Science / Technology - Colloquium
Monday, November 12, 2012
4:00 PM-5:00 PM
Nature has designed a large number of protein structures to perform specific functions. For physicists, proteins are superb laboratories for the exploration of the physics and chemistry of complex systems. Such studies are feasible because proteins does not exist in unique structures, but can assume a very large number of different conformations, called substates. The different substates can be characterized by the free-energy landscape. The transitions among the different substates are largely controlled from external fluctuations, the alpha fluctuations in the bulk solvent and the beta fluctuations in the hydration shell. This fact connects the protein physics to glasses and supercooled liquids, explains how function is controlled, and implies that the protein surface is as important as the interior.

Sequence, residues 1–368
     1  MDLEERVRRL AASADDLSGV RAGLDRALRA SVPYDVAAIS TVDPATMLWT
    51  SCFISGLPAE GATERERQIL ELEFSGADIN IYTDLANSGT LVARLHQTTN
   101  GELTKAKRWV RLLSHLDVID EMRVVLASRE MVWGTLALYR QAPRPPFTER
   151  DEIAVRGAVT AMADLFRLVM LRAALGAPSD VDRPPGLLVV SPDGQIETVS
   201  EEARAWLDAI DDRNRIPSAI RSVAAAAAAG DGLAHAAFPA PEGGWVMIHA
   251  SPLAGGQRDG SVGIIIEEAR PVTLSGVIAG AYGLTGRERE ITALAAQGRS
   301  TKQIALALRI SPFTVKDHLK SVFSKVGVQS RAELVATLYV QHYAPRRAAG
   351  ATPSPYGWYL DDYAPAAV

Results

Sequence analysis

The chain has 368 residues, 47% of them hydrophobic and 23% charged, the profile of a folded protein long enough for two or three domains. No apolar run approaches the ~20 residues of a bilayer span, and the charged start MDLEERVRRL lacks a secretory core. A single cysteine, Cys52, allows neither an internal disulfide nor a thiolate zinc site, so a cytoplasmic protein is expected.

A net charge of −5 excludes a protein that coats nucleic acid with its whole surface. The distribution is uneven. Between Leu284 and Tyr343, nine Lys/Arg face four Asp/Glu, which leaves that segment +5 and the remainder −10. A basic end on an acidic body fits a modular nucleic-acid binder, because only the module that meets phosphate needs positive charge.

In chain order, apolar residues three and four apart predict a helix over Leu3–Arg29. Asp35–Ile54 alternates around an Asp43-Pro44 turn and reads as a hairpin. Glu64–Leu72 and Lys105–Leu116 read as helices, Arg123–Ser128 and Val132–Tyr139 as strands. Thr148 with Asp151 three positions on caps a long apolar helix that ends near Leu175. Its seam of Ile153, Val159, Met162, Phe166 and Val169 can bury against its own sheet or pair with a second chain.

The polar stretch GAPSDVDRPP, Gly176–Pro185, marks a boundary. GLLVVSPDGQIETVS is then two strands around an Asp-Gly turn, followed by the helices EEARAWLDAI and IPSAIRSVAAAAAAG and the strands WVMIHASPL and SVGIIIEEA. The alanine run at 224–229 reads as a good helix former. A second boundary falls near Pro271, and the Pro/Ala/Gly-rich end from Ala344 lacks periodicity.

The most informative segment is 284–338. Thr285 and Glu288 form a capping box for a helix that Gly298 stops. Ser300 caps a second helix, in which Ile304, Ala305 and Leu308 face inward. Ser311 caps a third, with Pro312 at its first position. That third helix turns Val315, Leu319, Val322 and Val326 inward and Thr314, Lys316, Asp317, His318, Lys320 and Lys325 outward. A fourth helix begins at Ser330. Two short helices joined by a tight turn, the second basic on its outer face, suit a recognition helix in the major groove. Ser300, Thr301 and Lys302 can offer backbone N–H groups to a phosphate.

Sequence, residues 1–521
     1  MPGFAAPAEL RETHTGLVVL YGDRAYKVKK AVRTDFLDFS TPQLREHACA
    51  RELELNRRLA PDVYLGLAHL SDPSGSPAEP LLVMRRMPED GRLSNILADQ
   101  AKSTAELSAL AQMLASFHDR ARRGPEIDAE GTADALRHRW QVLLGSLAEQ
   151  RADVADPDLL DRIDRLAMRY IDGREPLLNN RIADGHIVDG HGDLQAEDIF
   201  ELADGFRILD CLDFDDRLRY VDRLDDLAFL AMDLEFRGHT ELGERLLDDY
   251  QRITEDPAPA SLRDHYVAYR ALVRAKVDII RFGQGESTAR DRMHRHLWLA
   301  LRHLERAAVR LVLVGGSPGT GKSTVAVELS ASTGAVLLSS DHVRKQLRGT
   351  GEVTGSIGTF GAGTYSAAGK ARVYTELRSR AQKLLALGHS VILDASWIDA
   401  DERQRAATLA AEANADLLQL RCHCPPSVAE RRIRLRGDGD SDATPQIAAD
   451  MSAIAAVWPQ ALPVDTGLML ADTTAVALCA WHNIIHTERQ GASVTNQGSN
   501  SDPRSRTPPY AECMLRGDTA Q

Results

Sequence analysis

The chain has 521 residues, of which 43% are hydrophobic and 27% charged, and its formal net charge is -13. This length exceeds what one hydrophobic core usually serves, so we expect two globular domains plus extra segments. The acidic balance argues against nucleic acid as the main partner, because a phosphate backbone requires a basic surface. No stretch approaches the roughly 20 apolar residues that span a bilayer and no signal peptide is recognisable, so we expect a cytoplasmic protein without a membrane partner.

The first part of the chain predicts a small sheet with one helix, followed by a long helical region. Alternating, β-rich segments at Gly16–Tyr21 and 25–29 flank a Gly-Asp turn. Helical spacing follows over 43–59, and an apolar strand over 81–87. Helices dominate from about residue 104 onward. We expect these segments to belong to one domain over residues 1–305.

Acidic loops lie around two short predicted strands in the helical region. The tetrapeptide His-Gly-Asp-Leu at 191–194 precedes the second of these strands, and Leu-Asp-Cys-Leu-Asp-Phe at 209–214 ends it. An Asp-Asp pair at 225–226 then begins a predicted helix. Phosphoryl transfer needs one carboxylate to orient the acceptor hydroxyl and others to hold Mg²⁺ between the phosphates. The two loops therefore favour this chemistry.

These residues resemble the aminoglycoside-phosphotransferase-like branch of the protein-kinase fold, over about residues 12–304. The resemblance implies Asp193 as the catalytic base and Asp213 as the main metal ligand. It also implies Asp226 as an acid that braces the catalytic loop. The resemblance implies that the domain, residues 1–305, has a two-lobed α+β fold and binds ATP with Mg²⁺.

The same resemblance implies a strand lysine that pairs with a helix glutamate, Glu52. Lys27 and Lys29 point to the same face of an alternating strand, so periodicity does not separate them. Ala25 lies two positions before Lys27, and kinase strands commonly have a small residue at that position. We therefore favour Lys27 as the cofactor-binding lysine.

Refreshments will be served in Olin Hall 118 at 3:30 P.M.
Suggested Audiences: College
Last Modified: November 6, 2012 at 11:32 AM